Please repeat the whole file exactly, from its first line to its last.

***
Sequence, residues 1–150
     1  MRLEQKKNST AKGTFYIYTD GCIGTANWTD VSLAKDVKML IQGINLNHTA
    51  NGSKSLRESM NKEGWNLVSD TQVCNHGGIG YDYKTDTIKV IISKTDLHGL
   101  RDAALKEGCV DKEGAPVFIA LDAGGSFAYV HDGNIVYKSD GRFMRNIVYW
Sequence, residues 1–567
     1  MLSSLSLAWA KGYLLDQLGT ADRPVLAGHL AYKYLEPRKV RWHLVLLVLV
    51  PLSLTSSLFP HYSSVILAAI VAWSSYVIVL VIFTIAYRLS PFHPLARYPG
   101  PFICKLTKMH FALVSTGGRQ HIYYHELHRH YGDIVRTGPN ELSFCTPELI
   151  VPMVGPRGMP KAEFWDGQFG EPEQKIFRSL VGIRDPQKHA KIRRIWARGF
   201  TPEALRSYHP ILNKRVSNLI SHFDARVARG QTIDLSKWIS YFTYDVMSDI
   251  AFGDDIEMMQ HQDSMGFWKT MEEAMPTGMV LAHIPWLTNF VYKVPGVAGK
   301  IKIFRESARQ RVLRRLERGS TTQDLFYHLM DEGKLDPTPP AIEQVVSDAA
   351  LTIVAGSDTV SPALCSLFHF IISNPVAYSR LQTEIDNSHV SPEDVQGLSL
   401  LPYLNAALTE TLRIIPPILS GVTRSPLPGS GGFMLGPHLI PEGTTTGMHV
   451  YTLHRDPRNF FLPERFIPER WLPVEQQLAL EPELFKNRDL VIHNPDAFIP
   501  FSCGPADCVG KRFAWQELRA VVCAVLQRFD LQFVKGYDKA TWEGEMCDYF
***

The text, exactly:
Sequence, residues 1–150
     1  MRLEQKKNST AKGTFYIYTD GCIGTANWTD VSLAKDVKML IQGINLNHTA
    51  NGSKSLRESM NKEGWNLVSD TQVCNHGGIG YDYKTDTIKV IISKTDLHGL
   101  RDAALKEGCV DKEGAPVFIA LDAGGSFAYV HDGNIVYKSD GRFMRNIVYW
Sequence, residues 1–567
     1  MLSSLSLAWA KGYLLDQLGT ADRPVLAGHL AYKYLEPRKV RWHLVLLVLV
    51  PLSLTSSLFP HYSSVILAAI VAWSSYVIVL VIFTIAYRLS PFHPLARYPG
   101  PFICKLTKMH FALVSTGGRQ HIYYHELHRH YGDIVRTGPN ELSFCTPELI
   151  VPMVGPRGMP KAEFWDGQFG EPEQKIFRSL VGIRDPQKHA KIRRIWARGF
   201  TPEALRSYHP ILNKRVSNLI SHFDARVARG QTIDLSKWIS YFTYDVMSDI
   251  AFGDDIEMMQ HQDSMGFWKT MEEAMPTGMV LAHIPWLTNF VYKVPGVAGK
   301  IKIFRESARQ RVLRRLERGS TTQDLFYHLM DEGKLDPTPP AIEQVVSDAA
   351  LTIVAGSDTV SPALCSLFHF IISNPVAYSR LQTEIDNSHV SPEDVQGLSL
   401  LPYLNAALTE TLRIIPPILS GVTRSPLPGS GGFMLGPHLI PEGTTTGMHV
   451  YTLHRDPRNF FLPERFIPER WLPVEQQLAL EPELFKNRDL VIHNPDAFIP
   501  FSCGPADCVG KRFAWQELRA VVCAVLQRFD LQFVKGYDKA TWEGEMCDYF